“These aren’t just average sails and boards,” he said. “They are specialized and used primarily for racing. Anyone around here will recognize the stuff as being ours, and I doubt if anyone locally would have the courage to use it.”
Peterson has contacted everyone he knows in the Northwest, the East Coast, Texas, California and more. He has also contacted all the second-hand equipment stores in Portland and Hood River, and has developed a website to aid in the recovery of the stolen items.
“We’ll just see where it turns up, I guess,” he said. “Sooner or later, the person or people who are responsible will be found out. The windsurfing community is a pretty tight-knit group.”
If you have any information about the stolen windsurfing equipment or the van theft, please contact the Hood River Police at 386-3942. Peterson’s website is at:
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Parkdale third graders sing "12 Disaster Days of Christmas"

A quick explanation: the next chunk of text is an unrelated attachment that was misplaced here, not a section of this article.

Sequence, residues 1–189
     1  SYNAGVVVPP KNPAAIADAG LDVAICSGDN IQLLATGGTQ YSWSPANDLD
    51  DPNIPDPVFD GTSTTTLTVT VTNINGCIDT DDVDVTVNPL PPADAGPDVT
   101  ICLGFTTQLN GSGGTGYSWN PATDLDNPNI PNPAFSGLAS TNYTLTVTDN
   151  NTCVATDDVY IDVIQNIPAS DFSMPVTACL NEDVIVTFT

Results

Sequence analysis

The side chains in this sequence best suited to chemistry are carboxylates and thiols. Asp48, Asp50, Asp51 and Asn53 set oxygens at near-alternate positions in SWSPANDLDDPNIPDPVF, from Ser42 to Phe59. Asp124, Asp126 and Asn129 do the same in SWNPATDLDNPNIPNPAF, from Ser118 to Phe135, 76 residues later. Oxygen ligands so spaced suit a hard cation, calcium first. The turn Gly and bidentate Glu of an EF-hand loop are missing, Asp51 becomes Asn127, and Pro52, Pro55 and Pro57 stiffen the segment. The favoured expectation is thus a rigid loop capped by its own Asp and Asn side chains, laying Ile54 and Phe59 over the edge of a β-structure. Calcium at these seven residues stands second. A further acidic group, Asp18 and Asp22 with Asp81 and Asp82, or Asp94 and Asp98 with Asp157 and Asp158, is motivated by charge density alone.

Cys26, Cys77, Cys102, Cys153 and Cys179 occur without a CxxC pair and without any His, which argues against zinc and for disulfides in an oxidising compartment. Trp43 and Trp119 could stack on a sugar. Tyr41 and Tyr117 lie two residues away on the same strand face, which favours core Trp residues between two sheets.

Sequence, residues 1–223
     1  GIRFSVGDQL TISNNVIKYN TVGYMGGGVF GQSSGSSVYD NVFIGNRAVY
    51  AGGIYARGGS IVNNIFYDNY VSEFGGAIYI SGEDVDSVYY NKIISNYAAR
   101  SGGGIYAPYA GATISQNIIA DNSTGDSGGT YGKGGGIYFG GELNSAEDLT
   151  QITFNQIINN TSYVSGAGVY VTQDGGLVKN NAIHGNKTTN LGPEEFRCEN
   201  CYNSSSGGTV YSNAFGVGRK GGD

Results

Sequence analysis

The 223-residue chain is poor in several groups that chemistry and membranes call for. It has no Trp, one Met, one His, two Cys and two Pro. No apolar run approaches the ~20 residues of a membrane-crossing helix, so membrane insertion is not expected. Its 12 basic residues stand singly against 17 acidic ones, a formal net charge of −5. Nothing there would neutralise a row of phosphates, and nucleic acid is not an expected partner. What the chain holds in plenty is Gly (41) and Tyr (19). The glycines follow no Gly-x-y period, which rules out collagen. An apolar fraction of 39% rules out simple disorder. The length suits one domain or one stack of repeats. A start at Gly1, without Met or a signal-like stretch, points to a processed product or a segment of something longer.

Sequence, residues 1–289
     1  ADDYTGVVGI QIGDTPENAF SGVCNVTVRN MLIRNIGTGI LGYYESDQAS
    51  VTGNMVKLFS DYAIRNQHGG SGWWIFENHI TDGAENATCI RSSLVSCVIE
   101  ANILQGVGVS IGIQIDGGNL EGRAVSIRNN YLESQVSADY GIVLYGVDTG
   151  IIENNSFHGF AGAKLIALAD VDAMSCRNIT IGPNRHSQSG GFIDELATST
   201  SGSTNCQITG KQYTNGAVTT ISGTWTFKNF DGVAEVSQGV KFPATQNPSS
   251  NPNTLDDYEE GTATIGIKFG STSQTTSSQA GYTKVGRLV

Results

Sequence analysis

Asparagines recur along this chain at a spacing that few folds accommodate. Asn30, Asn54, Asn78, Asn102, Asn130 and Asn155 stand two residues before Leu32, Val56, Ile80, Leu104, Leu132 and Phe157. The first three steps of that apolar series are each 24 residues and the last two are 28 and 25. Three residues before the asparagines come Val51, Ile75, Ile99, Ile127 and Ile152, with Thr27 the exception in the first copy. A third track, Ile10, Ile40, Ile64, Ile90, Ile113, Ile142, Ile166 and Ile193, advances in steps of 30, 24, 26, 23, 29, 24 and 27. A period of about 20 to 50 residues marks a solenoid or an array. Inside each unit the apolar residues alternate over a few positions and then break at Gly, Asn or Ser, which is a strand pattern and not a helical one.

Welcome to your sing-able Christmas gift list. What follows is an emergency rendition of “12 Days of Christmas” – for outfitting your home or car in case of snow storm, earthquake, flood or other emergency. Read it as a simple list, or sing it to the tune of “12 Days” – you know, as in “ … and a partridge in a pear tree…” Not to make light of it, but the song is a familiar framework for a set of gift ideas that you could consider gathering together, even if the recipient already owns items such as a bunch of coats, tire chains and flashlights. Stores throughout the Gorge are stocked up on all these items. Buying all 12 days might be prohibitive, but here are three ideas for checking any of the dozen off your list (notations follow, 1-12.) The gift items needed to stay warm, dry and safe are also coded to suggest items in your abode (A) in your car (C) or both (B). 12 Gallons of Water (A) 11 Family meals (B) 10 Cans of propane (A) 9 Hygiene bags (B) 8 Packs of batteries (A) 7 Spare coats (B) 6 Bright red flares (C) 5 Cozy blankets (B) 4 Tire chains (C) 3 Flashlights (B) 2 cell phone chargers (B) 1 And a crush-proof first aid kit (B) Price ranges? Here’s a few quotes for days Three, Two, Four and Nine: n A family gift of flashlights (three will run $15-30, Hood River Supply, Tum-A-Lum) n Cell phone chargers (two will run $30-60) n Tire chains (basic set, $30, Les Schwab, returnable if unused for the winter) n Family meals ($100 or so should cover the basics for three or four reasonably well-fed days) n The home kit should be kept in a handy place near an exit, and remember that water needs to be replenished every few months. If you have a solid first aid kit already, switch out the gift idea with “and-a-sto-o-u-t- tub-for it-all …” Otherwise, it’s a case of assembling your home or car kits and making sure all members of the family know what the resources are and how to use them (ie flares and propane). Emergency situations are at worst life-threatening, at best deeply uncomfortable if you and your family are left without power for an extended period, or traveling and find yourself in a situation where you need to wait out a storm, lengthy traffic delay, or other crisis. Notes on the 12 gift ideas: 12 – Gallons of water: that’s one per person in a four-member family to last for three days, the recommended minimum to be prepared for utility outages. 11 – Easy-open packaged goods, energy bars, dried food and nuts are good things to include for nutrition. Think of what your family of four needs for three days to stay fortified and hydrated (see number 12). Can-opener also recommended 10 – If you have a propane camping stove, keep extra fuel handy. 9 – Hygiene bags: put packaged moistened towelettes, toilet paper, and plastic ties in large garbage bags (for personal sanitation) Resource list courtesy of Hood River County Emergency Management, Barbara Ayers, manager/ 541-386-1213. The county also reminds residents to Get a Kit, Make A Plan to connect your family if separated, and Stay Informed. See www.co.hood-river.or.us to opt-in for citizen alerts. Enlarge